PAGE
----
Here we go again #Elections2017 – the analysis, the campaigning, the tactics, the lobbying, fake news, real news, promises… about to overwhelm us again. The pundits and the pollsters are not going out of business yet. Manifestos and polices are being shaped up as you read this. Two things are certain: this election will be about 1. Brexit and 2. immigration. Or immigrants.
Democracy is broadly understood to be a political system based on values such as freedom, equality, human rights, the rule of law that guarantees those rights as well, as free and fair elections, for us – the people – to decide who will have the privilege of upholding, implementing and guarding these values on our behalf. We hold ourselves and our governments to higher standards and as a result we enjoy peace and prosperity.
For migrants, refugees and members of other minority groups, democracy offers an assurance that we, too, are members of society and can live our lives with dignity, freedom and justice. However, migrants and refugees remain the least represented and most marginalized groups in the UK. Around elections, minorities are maligned, ignored or pandered to as an interest group, making real representation of the will and the interests of our communities seem beyond our reach.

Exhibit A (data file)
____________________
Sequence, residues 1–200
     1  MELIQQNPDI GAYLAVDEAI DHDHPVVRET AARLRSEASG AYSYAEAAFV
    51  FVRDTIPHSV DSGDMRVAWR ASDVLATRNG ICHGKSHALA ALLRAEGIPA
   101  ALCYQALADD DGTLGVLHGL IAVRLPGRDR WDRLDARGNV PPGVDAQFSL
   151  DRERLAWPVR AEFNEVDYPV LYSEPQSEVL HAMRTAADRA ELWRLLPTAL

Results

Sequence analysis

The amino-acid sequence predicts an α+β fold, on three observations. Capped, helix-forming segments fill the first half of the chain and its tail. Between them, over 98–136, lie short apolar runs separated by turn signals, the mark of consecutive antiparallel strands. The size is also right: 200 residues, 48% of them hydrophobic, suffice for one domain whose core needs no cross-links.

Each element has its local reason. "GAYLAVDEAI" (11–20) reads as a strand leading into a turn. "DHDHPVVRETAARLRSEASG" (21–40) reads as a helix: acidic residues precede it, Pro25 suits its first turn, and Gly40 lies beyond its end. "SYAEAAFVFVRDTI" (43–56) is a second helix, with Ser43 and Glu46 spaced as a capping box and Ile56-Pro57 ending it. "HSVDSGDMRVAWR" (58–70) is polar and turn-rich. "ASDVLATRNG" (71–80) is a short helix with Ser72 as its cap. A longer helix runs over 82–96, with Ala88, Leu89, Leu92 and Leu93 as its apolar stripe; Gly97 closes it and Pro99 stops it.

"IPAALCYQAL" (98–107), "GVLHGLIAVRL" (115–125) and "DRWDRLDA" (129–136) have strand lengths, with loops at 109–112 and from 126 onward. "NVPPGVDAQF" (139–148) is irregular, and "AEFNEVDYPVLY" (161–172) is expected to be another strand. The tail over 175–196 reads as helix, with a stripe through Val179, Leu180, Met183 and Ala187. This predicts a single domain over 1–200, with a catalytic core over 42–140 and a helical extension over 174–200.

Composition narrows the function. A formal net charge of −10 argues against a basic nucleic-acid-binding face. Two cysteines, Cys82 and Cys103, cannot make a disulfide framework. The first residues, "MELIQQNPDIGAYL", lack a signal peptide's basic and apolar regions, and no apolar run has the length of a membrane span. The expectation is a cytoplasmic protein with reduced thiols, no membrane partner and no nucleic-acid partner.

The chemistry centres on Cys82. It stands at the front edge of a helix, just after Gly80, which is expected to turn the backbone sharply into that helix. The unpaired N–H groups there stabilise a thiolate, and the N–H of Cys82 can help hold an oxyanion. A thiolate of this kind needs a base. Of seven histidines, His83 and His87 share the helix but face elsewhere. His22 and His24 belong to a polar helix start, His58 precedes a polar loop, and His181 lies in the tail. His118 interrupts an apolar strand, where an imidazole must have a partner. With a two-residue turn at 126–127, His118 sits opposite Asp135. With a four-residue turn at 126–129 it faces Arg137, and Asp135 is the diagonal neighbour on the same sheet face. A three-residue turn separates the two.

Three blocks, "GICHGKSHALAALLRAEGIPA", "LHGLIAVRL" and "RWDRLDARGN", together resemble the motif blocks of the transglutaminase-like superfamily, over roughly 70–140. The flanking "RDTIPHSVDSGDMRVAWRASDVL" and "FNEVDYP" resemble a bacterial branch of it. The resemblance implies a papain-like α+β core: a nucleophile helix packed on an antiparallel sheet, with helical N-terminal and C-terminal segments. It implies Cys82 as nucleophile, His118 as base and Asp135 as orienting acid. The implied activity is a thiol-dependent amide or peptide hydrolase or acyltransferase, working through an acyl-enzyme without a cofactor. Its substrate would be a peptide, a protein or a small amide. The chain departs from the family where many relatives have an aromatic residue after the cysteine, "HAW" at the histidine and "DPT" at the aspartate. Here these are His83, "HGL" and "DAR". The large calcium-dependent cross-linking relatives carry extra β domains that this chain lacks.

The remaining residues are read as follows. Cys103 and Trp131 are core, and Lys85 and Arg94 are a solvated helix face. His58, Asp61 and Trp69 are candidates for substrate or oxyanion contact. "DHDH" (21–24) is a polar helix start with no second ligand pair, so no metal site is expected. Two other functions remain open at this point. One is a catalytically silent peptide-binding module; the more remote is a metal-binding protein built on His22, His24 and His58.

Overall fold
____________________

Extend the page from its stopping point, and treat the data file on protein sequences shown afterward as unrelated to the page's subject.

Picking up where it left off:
Over the past few years, opportunities to practice democracy through voting have come thick and fast. The 2014 Scottish referendum was followed soon after by local elections, then a general election and then the 2016 London Mayoral Election. Later last year we had the EU referendum and now we have regional and mayoral elections, followed by another General Election in June. With so many opportunities to express our will, democracy seems to be booming. And yet somehow many of us feel increasingly anxious, unheard, unrepresented, unequal and worried about our future and that of our children. Many people are cynical about elections, yet they have never seemed so important.
For us at Migrants Organise, elections bring a number of challenges. Our aim is to facilitate meaningful integration and in 2014 we began working with our member communities to ensure that all those who can, register and vote. Voter registration has become a priority for our Leadership Academy and it has produced results. Just in 2014, nearly 5,000 new voters have been registered by 25 of our community leaders. But there is a still long way to go.
In the 2015 General Election, 16 million people who had the right to vote did not do so, and in the EU referendum, 13 million chose to forgo their democratic right. It is essential that these citizens – many of them migrants and refugees – be encouraged to register and ensure their voice and the issues they care about are reflected in our national politics.
At election time, we, the immigrants, quickly become everybody’s favourite villain. In the run up to the EU referendum, the negative framing of immigrants by some politicians reached a new low.